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Genome Biol. 2012; 13(10): 172.
Published online Oct 18, 2012. doi:  10.1186/gb-2012-13-10-172
PMCID: PMC3491399
DNA methylation studies using twins: what are they telling us?
Jordana T Bellcorresponding author1 and Tim D Spectorcorresponding author1
1Department of Twin Research and Genetic Epidemiology, King's College London, St Thomas Hospital Campus, Westminster Bridge Road, London, SE1 7EH, UK
corresponding authorCorresponding author.
Jordana T Bell: jordana.bell/at/kcl.ac.uk; Tim D Spector: tim.spector/at/kcl.ac.uk
Abstract
Recent studies have identified both heritable DNA methylation effects and differential methylation in disease-discordant identical twins. Larger sample sizes, replication, genetic-epigenetic analyses and longitudinal assays are now needed to establish the role of epigenetic variants in disease.
Keywords: Epigenetics, DNA methylation, twins, heritability, epigenome-wide association studies, EWAS
Twins provide a unique opportunity to study DNA methylation, because they are matched controls for nearly all genetic variants and many environmental factors. The study of twins in epigenetics is valuable from two perspectives: first, it can provide information about the underlying biological mechanisms that drive and maintain variation in DNA methylation; and second, in the context of epigenome-wide association studies (EWAS), it can give insights into epigenetic effects in complex disease. Over the past year there has been a surge of studies reporting genome-wide DNA methylation profiles in twins. Here, we briefly discuss recent findings and their implications, which raise important new questions in the field.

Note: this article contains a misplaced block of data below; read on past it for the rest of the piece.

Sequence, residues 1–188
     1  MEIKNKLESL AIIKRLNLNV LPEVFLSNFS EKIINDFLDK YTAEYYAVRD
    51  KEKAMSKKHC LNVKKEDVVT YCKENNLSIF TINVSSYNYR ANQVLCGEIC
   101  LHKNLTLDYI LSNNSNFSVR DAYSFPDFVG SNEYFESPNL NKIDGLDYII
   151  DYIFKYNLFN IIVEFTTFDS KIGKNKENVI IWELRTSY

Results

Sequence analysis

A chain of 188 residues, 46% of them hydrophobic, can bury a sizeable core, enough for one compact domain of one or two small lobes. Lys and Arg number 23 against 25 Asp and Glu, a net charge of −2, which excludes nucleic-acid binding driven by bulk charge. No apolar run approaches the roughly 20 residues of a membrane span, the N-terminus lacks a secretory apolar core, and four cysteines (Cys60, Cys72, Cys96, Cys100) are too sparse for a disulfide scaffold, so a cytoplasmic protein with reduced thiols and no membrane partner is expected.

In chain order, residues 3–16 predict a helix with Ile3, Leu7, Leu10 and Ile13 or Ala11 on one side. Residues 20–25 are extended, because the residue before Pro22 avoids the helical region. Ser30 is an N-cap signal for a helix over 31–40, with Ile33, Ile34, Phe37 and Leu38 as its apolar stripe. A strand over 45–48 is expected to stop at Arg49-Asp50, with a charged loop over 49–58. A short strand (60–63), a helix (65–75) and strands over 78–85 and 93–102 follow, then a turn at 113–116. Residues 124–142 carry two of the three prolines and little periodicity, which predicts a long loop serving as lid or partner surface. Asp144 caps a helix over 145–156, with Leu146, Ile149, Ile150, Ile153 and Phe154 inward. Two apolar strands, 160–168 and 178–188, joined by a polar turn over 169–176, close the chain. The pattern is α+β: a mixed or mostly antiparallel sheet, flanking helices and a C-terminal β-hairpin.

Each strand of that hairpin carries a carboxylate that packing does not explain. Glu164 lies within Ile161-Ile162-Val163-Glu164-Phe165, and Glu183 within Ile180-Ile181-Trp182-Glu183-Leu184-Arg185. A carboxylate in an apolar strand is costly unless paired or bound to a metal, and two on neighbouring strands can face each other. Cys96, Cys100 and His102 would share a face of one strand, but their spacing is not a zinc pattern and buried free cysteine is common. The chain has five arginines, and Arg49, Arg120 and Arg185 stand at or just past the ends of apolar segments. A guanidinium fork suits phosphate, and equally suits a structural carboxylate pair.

Early studies of epigenetic profiles in twins examined DNA methylation at particular genomic regions and showed that monozygotic twin concordance in methylation was greater than the concordance observed between dizygotic pairs or pairs of unrelated individuals, but that rates varied across genes and in general decreased with age [1]. Several recent studies have estimated DNA methylation twin heritability (Box 1), and the contribution of environmental effects to variation in DNA methylation at individual CpG sites across the genome. The studies were conducted across different cells and tissues, and across a wide age range, from newborns to middle-aged twins. They all apply recently developed genome-wide DNA methylation assays, which target more regions at finer-scale resolution and measure DNA methylation at each CpG site as a quantitative trait aiming to reflect the proportion of methylated cells in the sample.
Gervin et al. [2] examined local DNA methylation variability and heritability in the major histocompatibility complex (MHC) region in middle-aged twins. They reported a low overall rate of DNA methylation heritability in CD4+ lymphocytes in 49 monozygotic and 40 dizygotic twin pairs using extensive bisulfite sequencing of the MHC region. Their estimates show evidence for modest genetic effects on DNA methylation at specific CpG sites, but the majority of DNA methylation patterns across the MHC were attributed to non-genetic factors and showed extensive variability.